Cosine similarity

Now it is easy to see that two documents are identical if they correspond to the same point. In other words, if their vectors coincide. On the other hand, if they are completely dissimilar (no words in common), their vectors will be at right angles to each other.  What we need, therefore, is a quantity that varies from 0 to 1 depending on whether two documents (vectors) are dissimilar(at right angles to each other) or similar (coincide, or are parallel to each other).

Now here’s the ultra-cool thing, from your high school maths class, you know there is a trigonometric ratio which has exactly this property – the cosine!

What’s even cooler is that the cosine of the angle between two vectors is simply the dot product  of the two vectors, which is sum of the products of the individual elements of the vector,  divided by the product of the  lengths of the two vectors. In three dimensions this can be expressed mathematically as:

\cos(\theta)= \displaystyle \frac{x_1 x_2+y_1 y_2+z_1 z_2}{\sqrt{x_1^2+y_1^2+z_1^2}\sqrt{x_2^2+y_2^2+z_2^2}}...(1)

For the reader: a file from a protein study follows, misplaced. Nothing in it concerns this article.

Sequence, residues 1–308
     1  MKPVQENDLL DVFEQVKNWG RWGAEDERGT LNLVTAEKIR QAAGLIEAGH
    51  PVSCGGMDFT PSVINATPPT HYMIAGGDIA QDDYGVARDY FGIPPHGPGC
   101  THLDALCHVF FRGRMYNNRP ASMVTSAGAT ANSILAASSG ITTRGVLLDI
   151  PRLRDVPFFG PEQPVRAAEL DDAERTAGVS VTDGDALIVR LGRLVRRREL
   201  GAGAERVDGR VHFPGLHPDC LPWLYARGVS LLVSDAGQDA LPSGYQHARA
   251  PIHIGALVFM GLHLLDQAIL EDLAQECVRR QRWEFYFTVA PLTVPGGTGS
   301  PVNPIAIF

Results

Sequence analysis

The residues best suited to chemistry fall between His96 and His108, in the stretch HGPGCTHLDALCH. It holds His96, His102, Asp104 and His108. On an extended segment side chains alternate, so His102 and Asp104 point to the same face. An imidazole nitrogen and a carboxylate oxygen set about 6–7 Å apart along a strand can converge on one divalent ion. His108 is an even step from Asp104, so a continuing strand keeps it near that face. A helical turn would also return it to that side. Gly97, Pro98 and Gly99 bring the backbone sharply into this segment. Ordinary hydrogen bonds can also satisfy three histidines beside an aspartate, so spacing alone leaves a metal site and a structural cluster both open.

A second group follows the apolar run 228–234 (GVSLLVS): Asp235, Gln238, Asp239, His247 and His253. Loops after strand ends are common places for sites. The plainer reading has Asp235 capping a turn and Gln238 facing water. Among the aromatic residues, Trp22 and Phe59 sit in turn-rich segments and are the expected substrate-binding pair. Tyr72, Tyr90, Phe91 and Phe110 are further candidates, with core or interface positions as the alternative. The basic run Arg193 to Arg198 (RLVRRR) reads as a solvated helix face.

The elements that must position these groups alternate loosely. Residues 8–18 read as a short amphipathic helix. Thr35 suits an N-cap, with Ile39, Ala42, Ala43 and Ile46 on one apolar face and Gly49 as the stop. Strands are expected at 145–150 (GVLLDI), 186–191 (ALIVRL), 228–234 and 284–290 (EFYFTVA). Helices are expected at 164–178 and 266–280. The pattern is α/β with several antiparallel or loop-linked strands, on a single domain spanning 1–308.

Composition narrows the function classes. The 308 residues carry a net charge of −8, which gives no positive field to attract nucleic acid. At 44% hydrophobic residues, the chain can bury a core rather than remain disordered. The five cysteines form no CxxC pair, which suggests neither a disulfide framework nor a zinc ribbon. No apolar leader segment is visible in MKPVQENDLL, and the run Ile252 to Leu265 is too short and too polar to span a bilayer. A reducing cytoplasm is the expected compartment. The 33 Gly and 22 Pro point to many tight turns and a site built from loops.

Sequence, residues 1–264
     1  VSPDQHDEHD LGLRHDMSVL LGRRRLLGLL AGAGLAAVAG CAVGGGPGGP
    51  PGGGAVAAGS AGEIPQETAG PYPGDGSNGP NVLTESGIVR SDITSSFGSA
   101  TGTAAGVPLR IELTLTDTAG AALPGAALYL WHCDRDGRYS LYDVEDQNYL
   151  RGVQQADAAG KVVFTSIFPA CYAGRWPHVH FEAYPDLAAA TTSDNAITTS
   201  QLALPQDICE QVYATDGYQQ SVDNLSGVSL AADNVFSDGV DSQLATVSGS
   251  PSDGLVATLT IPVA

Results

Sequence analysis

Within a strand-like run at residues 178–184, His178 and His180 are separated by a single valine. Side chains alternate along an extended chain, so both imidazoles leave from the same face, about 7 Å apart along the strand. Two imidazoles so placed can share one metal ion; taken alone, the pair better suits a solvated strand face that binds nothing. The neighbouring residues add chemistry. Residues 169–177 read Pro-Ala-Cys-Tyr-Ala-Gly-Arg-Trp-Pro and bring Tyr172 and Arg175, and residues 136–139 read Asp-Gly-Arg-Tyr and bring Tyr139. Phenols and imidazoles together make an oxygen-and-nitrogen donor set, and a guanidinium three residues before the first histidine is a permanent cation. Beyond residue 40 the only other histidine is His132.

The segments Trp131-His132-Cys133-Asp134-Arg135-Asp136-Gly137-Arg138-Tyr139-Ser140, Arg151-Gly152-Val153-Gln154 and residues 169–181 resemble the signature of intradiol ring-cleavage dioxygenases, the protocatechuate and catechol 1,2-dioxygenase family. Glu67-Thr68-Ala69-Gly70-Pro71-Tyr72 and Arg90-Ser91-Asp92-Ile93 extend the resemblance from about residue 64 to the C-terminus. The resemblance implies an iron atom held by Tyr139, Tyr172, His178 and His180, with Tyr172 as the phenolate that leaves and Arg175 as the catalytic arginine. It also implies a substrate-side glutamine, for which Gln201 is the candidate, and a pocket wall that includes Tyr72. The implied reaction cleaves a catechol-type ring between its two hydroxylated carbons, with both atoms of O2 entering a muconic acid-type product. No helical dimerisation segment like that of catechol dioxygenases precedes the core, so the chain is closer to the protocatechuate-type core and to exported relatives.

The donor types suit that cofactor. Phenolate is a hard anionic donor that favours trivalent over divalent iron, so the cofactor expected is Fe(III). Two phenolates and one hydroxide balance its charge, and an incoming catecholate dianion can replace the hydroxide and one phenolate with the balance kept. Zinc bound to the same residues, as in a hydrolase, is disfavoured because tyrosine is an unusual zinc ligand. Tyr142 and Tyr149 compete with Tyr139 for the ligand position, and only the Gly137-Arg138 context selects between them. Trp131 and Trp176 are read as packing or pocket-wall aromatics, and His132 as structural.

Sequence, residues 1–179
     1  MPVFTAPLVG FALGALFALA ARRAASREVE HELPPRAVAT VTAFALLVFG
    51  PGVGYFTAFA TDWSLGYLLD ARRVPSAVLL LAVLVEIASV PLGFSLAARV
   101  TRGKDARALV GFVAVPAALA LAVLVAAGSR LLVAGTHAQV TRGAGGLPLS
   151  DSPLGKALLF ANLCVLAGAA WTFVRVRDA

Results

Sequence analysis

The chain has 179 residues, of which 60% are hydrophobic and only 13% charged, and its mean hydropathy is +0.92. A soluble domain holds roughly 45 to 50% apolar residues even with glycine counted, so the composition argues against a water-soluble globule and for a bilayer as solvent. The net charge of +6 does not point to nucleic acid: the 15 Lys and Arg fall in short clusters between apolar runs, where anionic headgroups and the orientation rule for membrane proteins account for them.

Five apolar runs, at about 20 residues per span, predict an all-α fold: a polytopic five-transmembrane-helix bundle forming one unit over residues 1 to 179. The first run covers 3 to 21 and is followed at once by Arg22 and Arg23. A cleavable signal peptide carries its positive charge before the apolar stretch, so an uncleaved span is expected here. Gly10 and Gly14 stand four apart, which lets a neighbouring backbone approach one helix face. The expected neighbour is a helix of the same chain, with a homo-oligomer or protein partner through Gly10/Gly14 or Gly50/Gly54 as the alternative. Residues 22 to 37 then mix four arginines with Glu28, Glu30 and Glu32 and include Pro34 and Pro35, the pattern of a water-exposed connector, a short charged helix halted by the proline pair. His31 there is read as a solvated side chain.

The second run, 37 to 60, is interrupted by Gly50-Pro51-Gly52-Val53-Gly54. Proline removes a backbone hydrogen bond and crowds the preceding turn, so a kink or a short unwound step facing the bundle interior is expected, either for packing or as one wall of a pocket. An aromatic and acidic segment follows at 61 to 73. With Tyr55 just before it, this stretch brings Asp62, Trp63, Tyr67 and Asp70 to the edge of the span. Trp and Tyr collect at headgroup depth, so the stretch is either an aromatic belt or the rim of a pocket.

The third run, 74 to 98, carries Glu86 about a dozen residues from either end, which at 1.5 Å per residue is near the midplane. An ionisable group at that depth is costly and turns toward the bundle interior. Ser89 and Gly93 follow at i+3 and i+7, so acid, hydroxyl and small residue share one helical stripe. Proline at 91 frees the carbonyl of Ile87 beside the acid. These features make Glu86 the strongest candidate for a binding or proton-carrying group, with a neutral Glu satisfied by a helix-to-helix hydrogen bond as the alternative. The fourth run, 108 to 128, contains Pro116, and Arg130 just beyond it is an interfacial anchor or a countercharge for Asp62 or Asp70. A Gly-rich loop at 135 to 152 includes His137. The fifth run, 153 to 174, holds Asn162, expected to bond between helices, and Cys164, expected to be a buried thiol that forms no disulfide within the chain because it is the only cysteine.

where the two vectors are (x_{1},y_{1},z_{1}) and (x_{2},y_{2},z_{2}) , and \theta is the angle between the two vectors (see Fig 2).

The upshot of the above is that the cosine of the angle between the vector representation of two documents is a reasonable measure of similarity between them. This quantity, sometimes referred to as cosine similarity, is what we’ll take as our similarity measure in the rest of this article.

The adjacency matrix

If we have a collection of N documents, we can calculate the similarity between every pair of documents as we did for A and B in the previous section. This would give us a set of N^2 numbers between 0 and 1, which can be conveniently represented as a matrix.  This is sometimes called the adjacency matrix. Beware, though, this term has many different meanings in the math literature. I use it in the sense specified above.

Since every document is identical to itself, the diagonal elements of the matrix will all be 1. These similarities are trivial (we know that every document is identical to itself!)  so we’ll set the diagonal elements to zero.

Another important practical point is that visualizing every relationship is going to make  a very messy graph. There would be N(N-1) edges in such a graph, which would make it impossible to make sense of if we have more than a handful of documents. For this reason, it is normal practice to choose a cutoff value of similarity below which it is set to zero.

Building the adjacency matrix using R

We now have enough background to get down to the main point of this article – visualizing relationships between documents.